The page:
The phrase "the United States" was originally treated as plural—e.g, "the United States are"—including in the Thirteenth Amendment to the Constitution, ratified in 1865. However, it became increasingly common to treat the name as singular—e.g., "the United States is"—after the end of the Civil War. The singular form is now standard, while the plural form is retained in the set idiom "these United States."
  
  Geography
  
  Topographic map of the contiguous United States
  Climate zones of the contiguous United StatesThe United States is situated almost entirely in the western hemisphere: the contiguous United States stretches from the Pacific on the west to the Atlantic on the east, with the Gulf of Mexico to the southeast, and bordered by Canada on the north and Mexico on the south. Alaska is the largest state in area; separated from the contiguous U.S. by Canada, it touches the Pacific on the south and Arctic Ocean on the north. Hawaii occupies an archipelago in the central Pacific, southwest of North America. The United States is the world's third or fourth largest nation by total area, before or after China. The ranking varies depending on (a) how two territories disputed by China and India are counted and (b) how the total size of the United States is calculated: the CIA World Factbook gives 9,826,630 km², the United Nations Statistics Division gives 9,629,091 km², and the Encyclopedia Britannica gives 9,522,055 km². Including only land area, the United States is third in size behind Russia and China, just ahead of Canada. The United States also possesses several insular territories scattered around the West Indies (e.g., the commonwealth of Puerto Rico) and the Pacific (e.g., Guam).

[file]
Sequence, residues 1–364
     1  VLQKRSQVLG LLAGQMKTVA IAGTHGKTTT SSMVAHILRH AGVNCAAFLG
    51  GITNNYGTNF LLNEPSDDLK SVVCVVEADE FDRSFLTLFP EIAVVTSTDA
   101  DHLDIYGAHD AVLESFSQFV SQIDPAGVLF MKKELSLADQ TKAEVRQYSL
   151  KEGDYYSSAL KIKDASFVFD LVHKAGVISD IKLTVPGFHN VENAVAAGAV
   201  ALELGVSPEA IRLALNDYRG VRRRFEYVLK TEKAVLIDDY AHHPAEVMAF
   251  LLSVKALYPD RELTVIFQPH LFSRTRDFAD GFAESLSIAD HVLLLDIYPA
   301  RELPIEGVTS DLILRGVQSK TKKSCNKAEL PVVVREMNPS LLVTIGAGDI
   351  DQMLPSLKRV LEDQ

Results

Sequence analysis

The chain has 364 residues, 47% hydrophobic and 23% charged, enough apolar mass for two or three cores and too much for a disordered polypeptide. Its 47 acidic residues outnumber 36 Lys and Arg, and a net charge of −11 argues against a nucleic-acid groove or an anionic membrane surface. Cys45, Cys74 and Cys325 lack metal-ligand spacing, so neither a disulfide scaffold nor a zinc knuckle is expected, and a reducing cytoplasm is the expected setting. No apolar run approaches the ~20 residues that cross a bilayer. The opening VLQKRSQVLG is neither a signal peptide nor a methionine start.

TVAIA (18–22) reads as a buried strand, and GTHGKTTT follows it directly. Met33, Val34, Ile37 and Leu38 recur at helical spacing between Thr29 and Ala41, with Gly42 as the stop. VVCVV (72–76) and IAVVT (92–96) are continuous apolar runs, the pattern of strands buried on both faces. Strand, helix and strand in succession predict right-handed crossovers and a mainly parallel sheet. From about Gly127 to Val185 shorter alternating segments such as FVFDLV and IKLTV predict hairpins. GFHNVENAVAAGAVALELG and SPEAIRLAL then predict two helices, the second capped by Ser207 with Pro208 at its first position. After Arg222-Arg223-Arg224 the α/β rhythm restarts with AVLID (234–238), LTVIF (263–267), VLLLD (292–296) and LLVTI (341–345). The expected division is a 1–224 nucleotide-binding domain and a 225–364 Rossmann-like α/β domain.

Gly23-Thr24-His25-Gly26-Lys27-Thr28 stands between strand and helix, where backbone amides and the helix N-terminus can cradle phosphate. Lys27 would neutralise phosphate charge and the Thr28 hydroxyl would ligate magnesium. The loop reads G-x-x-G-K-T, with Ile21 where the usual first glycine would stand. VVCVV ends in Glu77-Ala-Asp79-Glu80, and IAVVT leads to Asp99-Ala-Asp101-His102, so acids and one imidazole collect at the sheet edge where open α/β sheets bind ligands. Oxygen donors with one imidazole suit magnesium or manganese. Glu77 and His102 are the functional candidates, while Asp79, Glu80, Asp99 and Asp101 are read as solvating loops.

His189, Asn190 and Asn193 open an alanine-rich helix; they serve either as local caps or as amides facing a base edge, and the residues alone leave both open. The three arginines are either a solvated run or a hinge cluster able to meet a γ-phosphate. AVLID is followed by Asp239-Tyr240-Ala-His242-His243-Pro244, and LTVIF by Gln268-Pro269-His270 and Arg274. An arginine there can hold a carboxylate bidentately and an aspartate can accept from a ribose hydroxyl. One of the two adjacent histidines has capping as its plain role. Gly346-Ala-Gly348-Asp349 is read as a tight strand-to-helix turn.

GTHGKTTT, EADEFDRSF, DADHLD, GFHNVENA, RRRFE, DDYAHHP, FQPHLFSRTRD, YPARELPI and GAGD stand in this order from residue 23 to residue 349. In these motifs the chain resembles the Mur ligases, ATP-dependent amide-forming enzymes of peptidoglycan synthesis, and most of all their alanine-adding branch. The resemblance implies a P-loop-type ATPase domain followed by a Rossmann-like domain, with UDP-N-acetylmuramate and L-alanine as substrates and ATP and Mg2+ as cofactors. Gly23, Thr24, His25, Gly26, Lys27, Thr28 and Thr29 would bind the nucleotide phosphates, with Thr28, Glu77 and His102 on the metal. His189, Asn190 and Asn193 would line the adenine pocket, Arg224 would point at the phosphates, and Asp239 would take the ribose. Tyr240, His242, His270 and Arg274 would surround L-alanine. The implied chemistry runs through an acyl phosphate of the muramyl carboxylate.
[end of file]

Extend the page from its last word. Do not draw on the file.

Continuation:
The coastal plain of the Atlantic seaboard gives way further inland to deciduous forests and the rolling hills of the Piedmont. The Appalachian Mountains divide the eastern seaboard from the Great Lakes and the grasslands of the Midwest. The Mississippi-Missouri River, the world's fourth longest river system, runs mainly north-south through the heart of the country. The flat, fertile prairie land of the Great Plains stretches to the west. The Rocky Mountains, at the western edge of the Great Plains, extend north to south across the continental United States, reaching altitudes higher than 14,000 feet (4,300 m) in Colorado. The area to the west of the Rocky Mountains is dominated by the rocky Great Basin and deserts such as the Mojave. The Sierra Nevada range runs parallel to the Rockies, relatively close to the Pacific coast. At 20,320 feet (6,194 m), Alaska's Mount McKinley is the country's tallest peak. Active volcanoes are common throughout the Alexander and Aleutian Islands, and the entire state of Hawaii is built upon tropical volcanic islands. The supervolcano underlying Yellowstone National Park in the Rockies is the continent's largest volcanic feature.